It's akin to the idea that many major league 1B/RF played SS in high school. At lower levels, you tend to get the most out of your best players. Your high school closer probably isn't going to end up in the majors. If he was that good, he would've been starting.
    Games are won on run differential -- scoring more than your opponent. Runs are runs, scored or prevented they all count the same. Worry about scoring more and allowing fewer, not which positions contribute to which side of the equation or how "consistent" you are at your current level of performance.

  10. #24
    Redsmetz redsmetz's Avatar
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    Re: Closers are...

    Quote Originally Posted by RedsManRick View Post
    It's akin to the idea that many major league 1B/RF played SS in high school. At lower levels, you tend to get the most out of your best players. Your high school closer probably isn't going to end up in the majors. If he was that good, he would've been starting.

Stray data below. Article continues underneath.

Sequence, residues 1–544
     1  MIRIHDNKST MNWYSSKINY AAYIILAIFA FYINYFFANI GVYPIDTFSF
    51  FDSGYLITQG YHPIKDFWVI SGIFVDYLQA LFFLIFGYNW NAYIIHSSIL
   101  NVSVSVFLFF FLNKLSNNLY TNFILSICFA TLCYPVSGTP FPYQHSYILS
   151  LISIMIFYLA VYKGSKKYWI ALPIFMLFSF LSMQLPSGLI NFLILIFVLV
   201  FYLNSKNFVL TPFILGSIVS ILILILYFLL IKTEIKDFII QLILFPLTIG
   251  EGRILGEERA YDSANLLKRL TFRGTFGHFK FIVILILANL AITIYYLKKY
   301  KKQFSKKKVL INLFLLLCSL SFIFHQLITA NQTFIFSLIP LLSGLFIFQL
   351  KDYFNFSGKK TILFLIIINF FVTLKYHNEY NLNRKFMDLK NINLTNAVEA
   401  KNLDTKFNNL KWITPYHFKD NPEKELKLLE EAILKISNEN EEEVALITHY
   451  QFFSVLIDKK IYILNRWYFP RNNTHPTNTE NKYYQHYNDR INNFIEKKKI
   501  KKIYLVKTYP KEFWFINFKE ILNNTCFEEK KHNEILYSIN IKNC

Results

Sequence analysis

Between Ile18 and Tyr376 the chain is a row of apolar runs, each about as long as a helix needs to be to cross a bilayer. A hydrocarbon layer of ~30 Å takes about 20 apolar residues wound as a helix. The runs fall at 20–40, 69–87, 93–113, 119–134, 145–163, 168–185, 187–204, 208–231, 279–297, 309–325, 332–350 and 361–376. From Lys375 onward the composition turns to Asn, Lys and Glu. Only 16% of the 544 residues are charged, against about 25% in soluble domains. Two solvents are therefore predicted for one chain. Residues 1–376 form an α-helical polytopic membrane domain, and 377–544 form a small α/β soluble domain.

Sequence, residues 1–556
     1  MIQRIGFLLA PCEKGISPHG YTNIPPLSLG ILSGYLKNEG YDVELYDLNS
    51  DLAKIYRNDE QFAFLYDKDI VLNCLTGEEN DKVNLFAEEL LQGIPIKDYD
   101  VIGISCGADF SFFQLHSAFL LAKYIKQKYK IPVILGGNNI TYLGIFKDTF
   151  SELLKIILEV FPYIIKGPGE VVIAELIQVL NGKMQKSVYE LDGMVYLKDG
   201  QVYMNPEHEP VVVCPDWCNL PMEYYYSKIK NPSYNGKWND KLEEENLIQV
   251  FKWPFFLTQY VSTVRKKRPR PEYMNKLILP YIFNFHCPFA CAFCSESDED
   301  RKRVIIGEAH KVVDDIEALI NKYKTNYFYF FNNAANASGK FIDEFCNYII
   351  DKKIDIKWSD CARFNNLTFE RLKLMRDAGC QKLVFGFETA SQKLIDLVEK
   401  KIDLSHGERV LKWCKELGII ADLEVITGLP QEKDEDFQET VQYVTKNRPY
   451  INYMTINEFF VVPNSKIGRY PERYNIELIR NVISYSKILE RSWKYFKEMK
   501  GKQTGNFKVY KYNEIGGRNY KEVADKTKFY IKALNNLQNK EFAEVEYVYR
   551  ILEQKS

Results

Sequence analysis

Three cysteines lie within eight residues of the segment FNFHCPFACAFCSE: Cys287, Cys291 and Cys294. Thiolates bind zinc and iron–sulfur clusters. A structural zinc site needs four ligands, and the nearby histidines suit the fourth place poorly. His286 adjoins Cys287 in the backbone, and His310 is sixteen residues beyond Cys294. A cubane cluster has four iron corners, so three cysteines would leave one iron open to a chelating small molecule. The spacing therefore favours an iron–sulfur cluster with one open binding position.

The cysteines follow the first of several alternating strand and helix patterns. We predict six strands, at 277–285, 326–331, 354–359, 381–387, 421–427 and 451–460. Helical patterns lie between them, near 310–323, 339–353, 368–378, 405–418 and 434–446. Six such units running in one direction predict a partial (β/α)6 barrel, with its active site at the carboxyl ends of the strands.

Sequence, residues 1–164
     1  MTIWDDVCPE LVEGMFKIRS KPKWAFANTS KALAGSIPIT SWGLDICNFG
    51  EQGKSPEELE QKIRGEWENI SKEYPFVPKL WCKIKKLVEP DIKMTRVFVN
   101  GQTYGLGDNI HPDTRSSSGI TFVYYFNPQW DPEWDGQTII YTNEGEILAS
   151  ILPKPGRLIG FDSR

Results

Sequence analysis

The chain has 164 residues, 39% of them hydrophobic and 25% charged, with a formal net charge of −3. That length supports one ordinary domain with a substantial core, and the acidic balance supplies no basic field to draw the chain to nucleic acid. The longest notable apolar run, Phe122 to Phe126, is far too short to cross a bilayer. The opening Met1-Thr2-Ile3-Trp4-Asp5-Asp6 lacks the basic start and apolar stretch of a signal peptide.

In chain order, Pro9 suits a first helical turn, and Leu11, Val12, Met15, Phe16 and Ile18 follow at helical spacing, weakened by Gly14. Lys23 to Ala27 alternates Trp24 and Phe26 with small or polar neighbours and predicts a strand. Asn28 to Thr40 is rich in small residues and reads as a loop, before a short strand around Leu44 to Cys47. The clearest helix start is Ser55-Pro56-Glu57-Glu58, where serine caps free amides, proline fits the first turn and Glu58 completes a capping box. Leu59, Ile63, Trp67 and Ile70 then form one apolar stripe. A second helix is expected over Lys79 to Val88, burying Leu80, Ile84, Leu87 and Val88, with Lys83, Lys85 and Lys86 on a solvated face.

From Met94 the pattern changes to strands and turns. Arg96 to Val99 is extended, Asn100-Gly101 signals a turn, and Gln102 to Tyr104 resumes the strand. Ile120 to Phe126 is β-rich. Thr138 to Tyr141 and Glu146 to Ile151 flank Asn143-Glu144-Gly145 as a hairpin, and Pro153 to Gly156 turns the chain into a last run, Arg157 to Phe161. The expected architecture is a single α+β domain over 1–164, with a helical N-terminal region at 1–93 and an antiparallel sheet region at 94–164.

That's what I'm thinking and I think it was the flaw in drafting Wagner as a closer from college. I think that's the flaw of suggesting that the Reds could have drafted their next closer, particularly a player from this year's draft already identified as a closer.

  11. #25
    Stat Wanker Hodiernus RedsManRick's Avatar
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    Re: Closers are...

    Quote Originally Posted by redsmetz View Post
    That's what I'm thinking and I think it was the flaw in drafting Wagner as a closer from college. I think that's the flaw of suggesting that the Reds could have drafted their next closer, particularly a player from this year's draft already identified as a closer.
    I'm curious on the backstory on why Wagner (for example) was closing in college. I imagine that occasionally, that insight will tell you how well he'll convert. Perhaps the story is, "he blew his arm out as a sophomore and we wanted to keep his innings down so he's closing." However, what if it's "he's got a slider that nobody can touch unless they're sitting on it, but his other stuff is average. When he starts he tends to get hit around a bit. He doesn't really have the stamina for more than 40-50 pitches a time anyways..." Those are vastly different stories which have different implications moving forward. I don't know what Wagner's was, but I'm interested...